Another Year, Another Hardrock Finish for List

Retirement and a cross-country move may have altered Jeff List’s routine in 2017, but one thing stayed consistent for the 58-year-old: Kissing the rock at the Hardrock 100.

List, a longtime resident of East Falmouth, Mass., finished Hardrock for the seventh time in seven tries when he “kissed the rock” that represents the finish line of the 100.5-mile footrace in the late hours of Saturday, July 15, in Silverton, Colo.

Spaniard Kilian Jornet, 29, won Hardrock for the fourth straight time, finishing in 24:32:20. Second place went to Mike Foote, 33, of Montana. Frenchwoman Caroline Chaverot, 40, was the women’s champion and seventh overall finisher in 28:31:50.

DRB 2017-3
Jeff List scrambles up a rocky climb during the 2017 “Don’t Run Boston” 50K. List has used DRB as a training day for Hardrock for years. List finished the 2017 Hardrock 100 in the late hours of Saturday, July 15, in Silverton, Colo. File photo by Chris Wristen/MassUltra.

For List, who first ran Hardrock in 2009 at age 50, the grueling mountain race in the San Juan Mountains and its 33,000 feet of vertical gain has become a “brutal benchmark” for maintaining physical fitness, as he detailed to MassUltra shortly after the lottery for the 2017 race took place.

List and his wife are moving to Washington State this summer, and Hardrock served as a scenic stop along the cross-country journey to their new house. They’ve taken their time getting to the Pacific Northwest. In fact, quite a bit of time has been spent in the mountains.

List’s pre-race preparation in the month leading up to the race included pacing for Jefferson, Mass., resident Christopher Agbay at the Bighorn 100 in Wyoming, and then spending a few weeks at altitude in the mountains of Colorado, logging big climbs while also helping mark the Hardrock course.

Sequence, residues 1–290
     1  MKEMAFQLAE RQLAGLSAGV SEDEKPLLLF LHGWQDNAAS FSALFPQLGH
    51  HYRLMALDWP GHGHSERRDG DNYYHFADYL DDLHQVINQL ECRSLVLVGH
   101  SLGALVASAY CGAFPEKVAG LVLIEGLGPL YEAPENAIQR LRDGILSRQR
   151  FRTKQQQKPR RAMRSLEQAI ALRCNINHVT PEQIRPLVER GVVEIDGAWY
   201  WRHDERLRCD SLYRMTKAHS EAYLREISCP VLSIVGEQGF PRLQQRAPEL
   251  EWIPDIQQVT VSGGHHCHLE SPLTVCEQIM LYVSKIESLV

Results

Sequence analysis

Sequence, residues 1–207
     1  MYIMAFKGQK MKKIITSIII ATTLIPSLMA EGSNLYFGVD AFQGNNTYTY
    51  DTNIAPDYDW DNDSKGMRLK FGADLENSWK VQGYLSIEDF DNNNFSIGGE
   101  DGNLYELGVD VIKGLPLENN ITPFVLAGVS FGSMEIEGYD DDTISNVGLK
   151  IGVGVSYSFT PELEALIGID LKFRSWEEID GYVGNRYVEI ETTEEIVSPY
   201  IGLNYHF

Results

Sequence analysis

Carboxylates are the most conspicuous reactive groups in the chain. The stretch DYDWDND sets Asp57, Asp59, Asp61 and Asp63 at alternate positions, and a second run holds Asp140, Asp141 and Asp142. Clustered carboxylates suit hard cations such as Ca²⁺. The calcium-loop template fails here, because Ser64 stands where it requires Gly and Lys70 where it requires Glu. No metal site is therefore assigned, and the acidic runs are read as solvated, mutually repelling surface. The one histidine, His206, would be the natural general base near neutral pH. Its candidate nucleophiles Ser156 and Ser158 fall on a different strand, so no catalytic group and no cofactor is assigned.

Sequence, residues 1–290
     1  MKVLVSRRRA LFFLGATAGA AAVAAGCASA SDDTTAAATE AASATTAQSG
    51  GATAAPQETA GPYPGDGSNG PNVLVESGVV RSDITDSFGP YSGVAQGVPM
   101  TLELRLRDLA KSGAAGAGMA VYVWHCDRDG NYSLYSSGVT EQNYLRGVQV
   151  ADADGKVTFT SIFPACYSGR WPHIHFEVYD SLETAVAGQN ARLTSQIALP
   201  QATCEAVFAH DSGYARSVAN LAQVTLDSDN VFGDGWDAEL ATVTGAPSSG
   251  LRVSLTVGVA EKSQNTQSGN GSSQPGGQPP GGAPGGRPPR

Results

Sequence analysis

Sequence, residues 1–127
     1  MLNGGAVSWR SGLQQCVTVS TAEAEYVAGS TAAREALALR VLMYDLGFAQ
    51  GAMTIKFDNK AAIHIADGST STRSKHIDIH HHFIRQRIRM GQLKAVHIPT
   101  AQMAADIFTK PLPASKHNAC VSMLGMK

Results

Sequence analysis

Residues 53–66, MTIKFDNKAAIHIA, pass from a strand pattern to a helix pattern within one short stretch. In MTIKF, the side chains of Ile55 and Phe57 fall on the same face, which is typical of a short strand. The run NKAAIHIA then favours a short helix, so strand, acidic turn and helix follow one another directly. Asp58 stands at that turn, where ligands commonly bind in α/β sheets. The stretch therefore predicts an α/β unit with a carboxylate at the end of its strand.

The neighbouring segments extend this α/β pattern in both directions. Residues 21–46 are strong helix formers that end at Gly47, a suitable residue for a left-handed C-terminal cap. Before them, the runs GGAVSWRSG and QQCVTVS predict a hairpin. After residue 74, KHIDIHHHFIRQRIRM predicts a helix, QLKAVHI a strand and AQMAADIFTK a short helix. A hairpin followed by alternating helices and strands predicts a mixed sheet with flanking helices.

The 2017 course was run counter-clockwise, and runners were challenged with a 3,700-foot climb and 2,600-foot descent during the first 9.3 miles. List handled it well and reached the first checkpoint in less than three hours. That set the tone for a weekend where List hiked and ran consistently and made steady progress. He moved quickly and efficiently through aid stations, saving his longest stops for the late-night hours and the latter stages of the race.

A few hours after dark and moving by the glow of his headlamp, List made his way back into Silverton and kissed the rock 15 minutes before midnight, officially finishing in 41:45:18. For the seventh time in 10 years and the fifth straight summer, List took on the “brutal benchmark” and passed the test. His time was the fifth-fastest in his seven cracks at the course, but it was an improvement of more than two hours from 2016 and was 50 minutes faster than in 2015.

While List was the lone Massachusetts resident in the race this year, a recent Bay State resident also took part. David Huss, 33, previously lived in Winchester, Mass., before moving to Seattle, Wash., in 2016. Huss finished ninth at the Grindstone 100 in 2015, and in doing so secured himself a spot in the Hardrock lottery for 2016 and 2017. His name was drawn for this year’s race, and he made his first trip to Hardrock a memorable one by finishing in the top third of the field in 35:48:08, good for 42nd overall.

Of the 145 runners who started the race, 126 finished within the 48-hour time limit.

A handful of other New England residents also took part in Hardrock this year.

Maine resident Jeff Rome, 28, finished eighth overall in 28:53:34; Jack Pilla, 59, of Charlotte, Vt., was 49thin 36:33:53; and Debbie Livingston, 42, of Bolton, Conn., was 79th overall – and the 11th-place female finisher – in 41:01:58.

Additionally, Garry Harrington, 57, Swanzey, N.H., took on the course but he dropped from the race at mile 56.6 with 23:41:28 expired. Harrington previously raced Hardrock in 2012 and dropped at mile 85.

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